Museums and the Movies: Batman and Robin

Joel Schumacher’s 1997 Batman and Robin is not only one of the worst super-hero films ever made (it has a Rotten Tomatoes score of 11%), it killed off the Batman movie franchise until Christopher Nolan resurrected it, destroyed careers and forced George Clooney to apologise to Adam West. Sure, I loved it when I was 8, but now it just makes me embarrassed. For everyone.

Batman and Robin logo

The logo of one of the worst films ever

The pun-filled monstrosity also features in the latest edition of Museums and the Movies since it’s opening action sequence takes place in the very confusing Gotham Museum of Art.

Let’s allow Commissioner Gordon to set the scene…

Commissioner Gordon setting the scene

Who’s at the what now?

This mysterious villain’s list of crimes and misdemeanours also extend to, and I quote:

“He’s frozen the antiquities wing, he’s turned the security guards into ice, he’s calling himself Mr. Freeze.”

As you can see, these things are getting worse and worse, especially as ‘Mr Freeze’ is actually a Doctor. A Doctor named Fries. Yes, this film is one long groan after the other.

So far, so traditional introduction to a caper for the caped crusader; a museum is being robbed! Let’s take a look at this Museum…

Gotham Museum

Gotham Museum

One thing I do quite like about Schumacher’s Bat-universe is the architecture. Sure, he ripped it off from Tim Burton, but the over-the-top style works. In a rather over-the-top way. Schumacher’s Gotham Museum of Art is a tradition looking museum -all Greek-Revival with statues, pediments and columns. It doesn’t look unlike the British Museum of dozens of other like it.

Pay attention to what is carved into the stone on the front of the museum. What is it a museum of…?

Inside the Gotham Museum of Art

WHY IS THERE A DINOSAUR IN AN ART MUSEUM?

I still can’t work out why a dinosaur is here. A dinosaur that turns out to be animatronic, at that. The diplodocus on display isn’t even fossils (or a cast of fossils). The only reason I can think of is that, visually, a dinosaur’s presence signifies that we’re either in a museum or Jurassic Park. Also, along the visual lines of thinking, this set is massive and needs something to fill the space.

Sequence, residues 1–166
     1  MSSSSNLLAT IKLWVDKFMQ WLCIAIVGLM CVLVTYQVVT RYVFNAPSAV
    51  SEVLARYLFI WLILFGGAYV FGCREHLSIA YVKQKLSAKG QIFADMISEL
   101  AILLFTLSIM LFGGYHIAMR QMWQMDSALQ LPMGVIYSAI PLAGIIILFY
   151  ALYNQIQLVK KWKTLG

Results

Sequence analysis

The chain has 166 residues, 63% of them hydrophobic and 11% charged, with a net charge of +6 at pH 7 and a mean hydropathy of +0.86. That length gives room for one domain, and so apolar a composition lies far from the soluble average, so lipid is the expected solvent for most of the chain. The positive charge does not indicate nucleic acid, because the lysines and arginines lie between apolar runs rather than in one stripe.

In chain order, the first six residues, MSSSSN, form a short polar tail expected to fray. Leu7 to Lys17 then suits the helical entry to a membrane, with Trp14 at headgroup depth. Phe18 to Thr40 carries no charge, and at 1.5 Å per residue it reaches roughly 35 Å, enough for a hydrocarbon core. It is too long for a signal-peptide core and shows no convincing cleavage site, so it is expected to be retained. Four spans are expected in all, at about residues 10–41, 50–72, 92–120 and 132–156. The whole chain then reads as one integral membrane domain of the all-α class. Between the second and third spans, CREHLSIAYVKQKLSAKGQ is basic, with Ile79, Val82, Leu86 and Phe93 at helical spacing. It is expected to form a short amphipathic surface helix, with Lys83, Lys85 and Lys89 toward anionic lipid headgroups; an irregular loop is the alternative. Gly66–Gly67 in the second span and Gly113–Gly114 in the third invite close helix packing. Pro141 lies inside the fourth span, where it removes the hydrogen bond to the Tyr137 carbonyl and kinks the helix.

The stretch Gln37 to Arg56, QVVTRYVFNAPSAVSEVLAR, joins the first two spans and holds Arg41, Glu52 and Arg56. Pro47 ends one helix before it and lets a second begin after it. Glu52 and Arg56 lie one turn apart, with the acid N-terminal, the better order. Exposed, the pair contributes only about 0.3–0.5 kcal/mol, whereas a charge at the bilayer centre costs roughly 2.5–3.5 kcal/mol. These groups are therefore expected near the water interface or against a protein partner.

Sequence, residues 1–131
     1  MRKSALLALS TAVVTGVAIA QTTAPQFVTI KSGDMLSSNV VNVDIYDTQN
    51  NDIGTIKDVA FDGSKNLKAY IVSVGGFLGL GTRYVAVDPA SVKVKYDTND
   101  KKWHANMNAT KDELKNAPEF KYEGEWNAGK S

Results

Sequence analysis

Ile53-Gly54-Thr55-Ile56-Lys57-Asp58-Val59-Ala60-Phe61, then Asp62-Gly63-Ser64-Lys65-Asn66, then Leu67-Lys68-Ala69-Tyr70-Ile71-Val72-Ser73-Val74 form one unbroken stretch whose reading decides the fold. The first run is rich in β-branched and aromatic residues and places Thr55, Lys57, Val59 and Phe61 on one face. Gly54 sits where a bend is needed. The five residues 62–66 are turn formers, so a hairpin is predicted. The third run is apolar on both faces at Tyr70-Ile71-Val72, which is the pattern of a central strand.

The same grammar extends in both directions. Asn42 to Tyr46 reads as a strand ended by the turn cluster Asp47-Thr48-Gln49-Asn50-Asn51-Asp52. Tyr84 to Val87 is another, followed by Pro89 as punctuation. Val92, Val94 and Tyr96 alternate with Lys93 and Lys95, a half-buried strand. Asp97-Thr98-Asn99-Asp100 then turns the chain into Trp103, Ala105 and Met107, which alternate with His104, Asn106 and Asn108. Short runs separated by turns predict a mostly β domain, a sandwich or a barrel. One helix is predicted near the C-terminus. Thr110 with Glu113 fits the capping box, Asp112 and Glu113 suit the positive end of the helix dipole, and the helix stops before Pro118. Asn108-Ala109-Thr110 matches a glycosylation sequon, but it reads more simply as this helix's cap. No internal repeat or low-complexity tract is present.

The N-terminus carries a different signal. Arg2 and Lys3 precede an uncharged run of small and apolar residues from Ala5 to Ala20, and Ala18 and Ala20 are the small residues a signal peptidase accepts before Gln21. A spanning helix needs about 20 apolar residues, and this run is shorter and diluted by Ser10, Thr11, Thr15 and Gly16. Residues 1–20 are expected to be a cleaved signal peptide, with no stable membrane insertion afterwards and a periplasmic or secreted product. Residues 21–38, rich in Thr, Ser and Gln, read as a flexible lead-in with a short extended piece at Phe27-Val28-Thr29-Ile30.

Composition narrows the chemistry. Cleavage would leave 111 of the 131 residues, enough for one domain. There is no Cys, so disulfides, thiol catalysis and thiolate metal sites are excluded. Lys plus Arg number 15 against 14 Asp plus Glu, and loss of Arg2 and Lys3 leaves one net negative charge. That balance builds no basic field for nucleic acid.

I can kind of reconcile myself with the dinosaur, because it does, after all, help to set the scene. What I can’t deal with is the supposed heroes attempting to break everything in sight!

Batman makes his grand entrance by smashing a skylight and sliding down dippy’s back, whilst Robin to drive through some doors, sending a possibly Greek vase flying in the process.

Batman sliding down a Diplodocus' back

Batman sliding down a Diplodocus’ back

 

Robin smashing doors with a motorbike

Robin smashing doors with a motorbike

And how do the caped crusaders justify their reckless behaviour? With a quite literal “You break it, you buy it” attitude.” Batman actually says this to Robin after the incident with the vase. Batman, we know you’re loaded but this is a museum, not a shopping mall. The ‘retail rule’ shouldn’t be your go-to for encouraging your companions to be careful. A simple reminder that YOU SHOULDN’T SMASH UP ARTEFACTS SHOULD BE ENOUGH.

At least all Mr Freeze is doing is making it super-cold. Which, if you’re familiar with collections care, is something museum’s do themselves anyway. When I went on a tour of the Horniman Museum’s store we were shown the giant freezer things were put in when they arrived at the store. Freezing things kills of bugs and all sorts of other pests.

To get metaphorical for a moment, ‘freezing’ is what museums you know, do. The cold preserves, and museums preserve and conserve treasures for the future. They quite metaphorically freeze things for us to see. Mr Freeze, on the other hand, is quite literally freezing things.

So, what’s this a museum of?

This scene, like most of the film is utter, cluttered chaos. Nothing really makes sense. If you ignore the ridiculous ice-hockey fight (no, really) you can see artefacts from:

  • Ancient Egyptian collections (a mummy and a sarcophagus)
  • A possibly Greek vase
  • Something that could be from a Pacific culture, and
  • that Diplodocus.

In one frame there seems to be a poster explaining what kind of exhibition this is supposed to be, but it’s too fuzzy to make out.

The Gotham Museum of Art

Can you read the poster?

This is by no means the only time that Batman pops up in a museological context, my post on Superheroes in museums looks at him and several other super-powered types in museums and if you look around the V&A Museum of Childhood, you can see so many superheroes in action figure form.

 

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One response to “Museums and the Movies: Batman and Robin

  1. Pingback: Batman Comes to Brighton | Jack's Adventures in Museum Land·

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